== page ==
Offering a good benefits package will keep your good employees from jumping ship. The common mistake small businesses make is the belief that they are not capable of giving benefits to their employees. The chance of your business to sustain longer prospects of success will be lost as this is good only for the short term. Denying the employees of benefits like retirement, disability, and insurance plans will dampen their spirit and may convince them to leave your business — or worse, if they learned that you don’t have benefits to offer, don’t expect you’ll get them on board.
Offering your employees the right benefits due to them will leave them happy, improve their performance, and make them loyal and dedicated to work. If your employees are satisfied, you can be assured that they’ll be motivated. The assurance that your business will be progressive in the future is greater — employees are your weapons on conquering stiff competition and will surely give you a certain advantage. The following will help you understand the basic benefits for your employees.
The law requires that you must provide the following benefits:
a. Time to vote, serve on a jury and when needed, perform military service.
b. Act per worker’s compensation provision.
c. Payment of taxes after deduction from their salary including your share so they can avail of retirement and disability benefits.
d. Payment of unemployment taxes both state and federal.
e. Contribution to a short term disability program if such programs are found in your state.
f. Confirm with Federal Family and Medical Leave (FMLA).
Some benefits you are not required to provide but also offered by others to boost employee productivity:
b. Dental and vision
c. Life insurance
d. Vacation, holiday and sick paid leaves
Some employers provide paid holidays and allow their employees to request leave without pay and use vacation days for religious holidays. It is highly suggested that you consult a lawyer or a benefits consultant first to avoid complications. Not complying with regulations can make you lose tax benefits and you can be penalized.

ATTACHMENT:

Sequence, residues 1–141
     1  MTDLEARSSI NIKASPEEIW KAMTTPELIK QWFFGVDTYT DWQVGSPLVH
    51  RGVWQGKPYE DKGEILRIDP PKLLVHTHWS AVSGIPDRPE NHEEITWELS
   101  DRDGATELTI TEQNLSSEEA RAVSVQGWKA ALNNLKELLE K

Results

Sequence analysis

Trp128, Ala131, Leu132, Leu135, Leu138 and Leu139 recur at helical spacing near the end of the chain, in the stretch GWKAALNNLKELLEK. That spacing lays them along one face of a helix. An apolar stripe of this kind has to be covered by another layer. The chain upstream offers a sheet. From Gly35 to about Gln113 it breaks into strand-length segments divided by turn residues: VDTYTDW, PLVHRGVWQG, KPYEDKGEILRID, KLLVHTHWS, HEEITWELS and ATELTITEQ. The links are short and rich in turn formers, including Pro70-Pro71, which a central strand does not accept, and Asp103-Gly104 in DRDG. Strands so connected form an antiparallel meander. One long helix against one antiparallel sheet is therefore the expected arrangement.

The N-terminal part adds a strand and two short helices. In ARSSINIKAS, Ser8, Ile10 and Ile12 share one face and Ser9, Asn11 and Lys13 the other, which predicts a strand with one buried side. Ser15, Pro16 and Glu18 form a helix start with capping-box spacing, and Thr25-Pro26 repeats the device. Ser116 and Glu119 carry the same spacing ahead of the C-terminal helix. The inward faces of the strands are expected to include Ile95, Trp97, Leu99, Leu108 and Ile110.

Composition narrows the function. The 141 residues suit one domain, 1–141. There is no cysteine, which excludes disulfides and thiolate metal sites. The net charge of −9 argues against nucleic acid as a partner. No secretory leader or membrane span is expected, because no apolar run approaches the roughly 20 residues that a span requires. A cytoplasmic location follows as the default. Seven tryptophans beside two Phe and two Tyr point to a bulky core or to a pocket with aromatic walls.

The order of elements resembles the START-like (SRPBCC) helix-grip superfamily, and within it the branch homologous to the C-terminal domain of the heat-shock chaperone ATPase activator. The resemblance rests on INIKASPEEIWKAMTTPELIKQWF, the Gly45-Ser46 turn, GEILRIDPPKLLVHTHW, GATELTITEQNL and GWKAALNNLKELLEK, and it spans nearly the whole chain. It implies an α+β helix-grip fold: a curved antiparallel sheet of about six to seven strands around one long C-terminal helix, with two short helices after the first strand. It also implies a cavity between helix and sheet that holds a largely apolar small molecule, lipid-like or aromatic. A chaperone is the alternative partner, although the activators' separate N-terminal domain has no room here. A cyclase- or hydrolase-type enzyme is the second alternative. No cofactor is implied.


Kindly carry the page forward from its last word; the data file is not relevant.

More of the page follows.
a. Shouldering the entire expenditures of employee benefits.
b. Hiding known employers.
c. Poor paperwork.
d. Withholding information to employees on the cost of their benefits.
e. Providing unnecessary benefits.
One of the most attractive benefits you can offer to employees is health insurance. It is often the most sought after and highly requested by job applicants.
Traditional coverage. The donor will be paid directly or it will be reimbursed to the employees of the certain cover amount as per their chosen company.
Managed care. A prepaid health care management where employees must avail of facilities and doctors approved by HMO or Health Maintenance Organization while with PPO, the insurance company negotiates the discount with the doctors and hospitals. The employee can choose from a list of approved doctors then they pay the office visit, the remaining is shouldered by the insurance.
Self-insurance. When you decide to shoulder the payment to all the claims, employees will assist in paying the premiums. This will allow you for a wide control over planning. This will make you liable for claims but you can set a limit using stop-loss insurance.
Archer Medical Savings Account. If your employees fall under 50 or fewer employees, this type is funded with employee’s pre-tax dollars.
The mounting price of health insurance force businesses to reduce their benefits. Insurance companies that cater to small businesses charge very high payments, adding to requiring wide medical information on each employee. When someone becomes gravely sick, they may reject the renewal of policy later.
Tips on Avoiding Such Complications
a. Evaluate their prices and check references and history.
b. Verify the plan’s underwriter and ratings.
c. Check if it does not violate state regulations.
d. Inquire about the agent on commission percentage or other incentives they get.
e. Ask for assistance. There’s nothing wrong if you research a little bit from other business owners about the company, complaints, or reputation. If you have doubts or uncertainties, get in touch with your state’s insurance bureau or the Labor Department Office of Investigations.
Your employees are a huge part of your business and providing them benefits should be just as important to you, as it is to them.